Beat the Rap

by Allegra Panetto
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On a sunlit street in a small desert town outside of Be’er Sheva, a child stops to listen to the coins rattling in his father’s pocket. The father, noticing his son’s amusement, taps the coins together. A rhythm develops. Spellbound, the child’s fingers dance along.

For Gal “James” Sivan, this was his earliest encounter with drumming. “I loved listening to that,” he recalls. On the ground, his foot bounces, in tempo, against his Columbia Business School backpack.

In many ways, Sivan ’10BUS is your typical MBA student. He keeps eye contact, sits up straight, and speaks directly. But how many of his classmates in Corporate Finance or Marketing Strategy could say they once performed in front of 50,000 people, or opened for Run-D.M.C.? Flash to 1994. Sivan, then 19, was finishing his mandatory service in the Israeli army. “I was in Lebanon, the Gaza Strip, the West Bank, but for just one night each,” says Sivan, who was the drummer in the army’s jazz band. “We would show up, perform, and then leave,” he explains, likening the visits to Marilyn Monroe singing for American GIs in Korea (all members of the army’s jazz band were exempt from combat).

In the U.S., Rolling Stone had just run a cover of rap artists Dr. Dre and Snoop Dogg. The Beastie Boys were headlining the Lollapalooza festival, and Notorious B.I.G. was in Manhattan’s D&D Studios, recording his seminal album, Ready to Die. Hip-hop had arrived. But Israel, like the rest of the world, had yet to catch up.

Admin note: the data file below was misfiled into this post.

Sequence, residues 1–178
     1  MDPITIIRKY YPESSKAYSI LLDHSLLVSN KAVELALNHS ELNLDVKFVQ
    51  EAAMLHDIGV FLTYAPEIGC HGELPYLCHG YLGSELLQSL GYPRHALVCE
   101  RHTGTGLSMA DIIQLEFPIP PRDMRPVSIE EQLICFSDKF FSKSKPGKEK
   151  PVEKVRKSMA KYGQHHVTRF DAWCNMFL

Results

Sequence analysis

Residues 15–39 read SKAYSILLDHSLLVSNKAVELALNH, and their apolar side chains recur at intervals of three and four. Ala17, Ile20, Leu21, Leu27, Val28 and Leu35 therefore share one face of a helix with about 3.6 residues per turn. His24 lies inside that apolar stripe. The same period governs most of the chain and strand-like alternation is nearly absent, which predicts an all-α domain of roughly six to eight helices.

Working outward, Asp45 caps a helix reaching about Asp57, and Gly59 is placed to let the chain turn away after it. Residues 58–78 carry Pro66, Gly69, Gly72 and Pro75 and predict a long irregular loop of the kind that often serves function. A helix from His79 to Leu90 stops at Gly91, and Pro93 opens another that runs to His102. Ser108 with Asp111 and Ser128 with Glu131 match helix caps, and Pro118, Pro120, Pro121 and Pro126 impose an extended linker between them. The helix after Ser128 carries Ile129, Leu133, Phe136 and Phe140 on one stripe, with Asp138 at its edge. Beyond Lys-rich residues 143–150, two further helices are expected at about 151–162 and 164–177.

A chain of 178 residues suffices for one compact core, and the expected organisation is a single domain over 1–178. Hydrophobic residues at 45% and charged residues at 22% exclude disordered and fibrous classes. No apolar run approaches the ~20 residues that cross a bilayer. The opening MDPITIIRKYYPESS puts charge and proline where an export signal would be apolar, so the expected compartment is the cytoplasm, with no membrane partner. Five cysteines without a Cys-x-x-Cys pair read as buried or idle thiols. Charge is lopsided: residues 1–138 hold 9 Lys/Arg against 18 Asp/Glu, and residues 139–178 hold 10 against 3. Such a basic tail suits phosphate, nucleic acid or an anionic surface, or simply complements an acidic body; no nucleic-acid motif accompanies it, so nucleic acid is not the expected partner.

A couple of rap-loving high-school friends in the town of Yavne decided to change that. Their group, called Shabak Samech, was looking for a new drummer. Sivan auditioned and made an impression. “Because of my jazz training, I could learn a song after hearing it once,” says Sivan, smiling. “They weren’t used to that.” Four days later, with Sivan on drums, the group performed at the farewell concert for a popular Tel Aviv rock club. The show was broadcast on the army’s radio station Galgalatz, one of the most popular stations in Israel. It was Shabak’s big break. “For the first time in my life, people were telling me I was amazing,” says Sivan. “I was never the same.” Yossi Fine, a bassist who has worked with David Bowie and Lou Reed, and who was Shabak’s fi rst producer,recalls Sivan’s transformation: “He used to stop the show, come up to the mic and say, ‘I’m the best drummer around’ — and then he really became it.”

Six months later, the group released the single “Shabak Samech Imperia” from their self-titled album, and Israeli music was forever changed. “Shabak was the first group to combine hip-hop and rock in Israel — to popularize it,” says Loolwa Khazzoom ’91BC, who chronicled the rise of Israeli hip-hop for Rolling Stone.

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